Series: The Big Questions – What Is the Church?
People who love as God loves
True worship isn’t something you do in a church building. True worship is doing the thing that God asks us to do: love others.
“… “If you continue in My word, then you are truly disciples of Mine; and you will know the truth, and the truth will make you free.”” – John 8:31-32 (NASB)
“Continue in my word” isn’t head knowledge. It’s action.
“A new commandment I give to you, that you love one another, even as I have loved you, that you also love one another.” John 13:34 (NASB)
Glorifying God in a building
People collectively meet together and tell what God has done for them (praise God, glorify God). And they put their efforts together so that they have more power to do good. And they address their issues of the day and try to solve them realistically. They encourage each other to do things for others out of love.
We call what we do in church a “worship service.” Someone speaks about the Bible and what it means so that we understand it better. We glorify God in song and testimonial. Somehow worship has come to mean sitting and listening. Worship is actually what we do for others: love.
The Hebrew word for worship, shaw-Khaw, means to bow and be humble before God. It’s about showing respect. And what is respect? Is it just lip service? Or do we show respect by following the ways shown us by Jesus and God?
My grandchildren and I had a conversation recently about “being sorry.” I was sorry for something. They understand that phrase as a societal expression and imperative. You bother someone, you say I’m sorry. But the root of sorry is sorrow. It means you feel distressed, regret, and expanding on that you wish to make it right by apologizing, which is an act of humility before them.
Similarly we have lost sight of what it means to worship God. It’s about respect, and the definition of respect is twofold. It means deep admiration for another, and it means due regard for the feelings, wishes, rights, or traditions of others. We like the first definition and abandon the second. Lip service is meaningless if it isn’t followed by action.
What did Jesus mean by worship?
We’re not sure exactly what Jesus meant when he talked about people worshiping him. The ancient Greek word proskuneo means to lick the hand or show deep respect or adore.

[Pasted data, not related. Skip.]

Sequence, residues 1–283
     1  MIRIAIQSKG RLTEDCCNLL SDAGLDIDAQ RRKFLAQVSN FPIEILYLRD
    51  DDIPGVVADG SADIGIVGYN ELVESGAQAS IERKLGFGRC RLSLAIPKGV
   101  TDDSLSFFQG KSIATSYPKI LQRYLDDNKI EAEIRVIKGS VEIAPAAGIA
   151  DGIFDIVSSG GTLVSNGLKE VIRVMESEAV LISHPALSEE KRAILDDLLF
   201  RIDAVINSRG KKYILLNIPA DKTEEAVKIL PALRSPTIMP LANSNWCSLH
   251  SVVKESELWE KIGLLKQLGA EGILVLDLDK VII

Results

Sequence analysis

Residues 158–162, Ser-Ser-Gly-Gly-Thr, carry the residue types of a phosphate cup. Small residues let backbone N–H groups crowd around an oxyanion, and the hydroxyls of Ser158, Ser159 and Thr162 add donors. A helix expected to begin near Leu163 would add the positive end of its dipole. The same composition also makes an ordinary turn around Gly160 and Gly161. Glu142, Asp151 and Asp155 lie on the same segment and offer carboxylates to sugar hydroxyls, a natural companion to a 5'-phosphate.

Jesus said, ““You hypocrites, rightly did Isaiah prophesy of you: ‘This people honor Me with their lips, But their heart is far away from Me. ‘But in vain do they worship [revere, respect] Me, Teaching as doctrines the precepts of men.’””
He was in fact speaking of the “Traditions of the Fathers,” which many of them held in higher regard than the Bible. Bible took first place, not tradition. It was lip service, not heart service. All talk, no love, no action.
Jesus said, ““But an hour is coming, and now is, when the true worshipers will worship the Father in spirit and truth; for such people the Father seeks to be His worshipers. God is spirit, and those who worship Him must worship in spirit and truth.” – John 4: 23, 24 (NASB)
In short what Jesus meant by worshiping in truth was doing the things God wants us to do: love of others. I wrote about this in depth in this article: What is True Worship?
The Apostle John said, “Little children, let us not love with word or with tongue, but in deed and truth.” – 1 John 3:18 (NASB)
How can we love others?
Each day each of us shows respect for God by living and in business as we’ve been shown by the prophets, Jesus, and God. We are kind to others. We don’t cheat in business. We are helpful to others. We assist others in their times of need. There is no limit on what we can do for others.
Some are led to develop wonderful medicines. Some teach. Some entertain. Some explain the Bible. Some raise or guide children. Some build homes, and some volunteer their services to build homes for the needy. Jesus didn’t preach to never make a profit from the hilltop. He understood the realities in the world. He just said not to cover your candle but let others see it – shine brightly for the world. Let all that you do bring glory to God.
The Apostle Paul, in talking about things that might even insult others, but doesn’t bother your conscience, said, “Whether, then, you eat or drink or whatever you do, do all to the glory of God.”
We extract from that: “whatever you do, do all to the glory of God.” This is affirmed again by Paul: “Whatever you do in word or deed, do all in the name of the Lord Jesus, giving thanks through Him to God the Father,” in Colossians 3:17 (NASB)
“… let us consider how to stimulate one another to love and good deeds, not forsaking our own assembling together, as is the habit of some, but encouraging one another …” – Hebrews 10: 25-26
Somehow when we get inside a church building and sing a few songs and listen to a sermon and we think that is church. No, church is the people, the assembly of believers who act as Jesus acted. He loved others. We encourage each other to do the same. We do this in every moment of our lives by acting toward others as Jesus did. We should all be a positive force in people’s lives.
Any way we want to help others is what we should do both inside the church building and out. This is worship.
Article in this series on what is the church, the big questions
What is the Church, Part 1– the people, body of Christ
What Is the Church, Part 2 – The message and promise of Jesus
What Is the Church, Part 3 – The Good News and the Kingdom of God
What Is the Church, Part 4 – People who love as God loves
The standard of belief and conduct for Christianity is love. God is love. We’re asked to be like God.
If you find these articles intriguing, please consider joining the mailing list.
If I’ve challenged your thinking, I’ve done my job.
Our answer is God. God’s answer is us. Together we make the world better.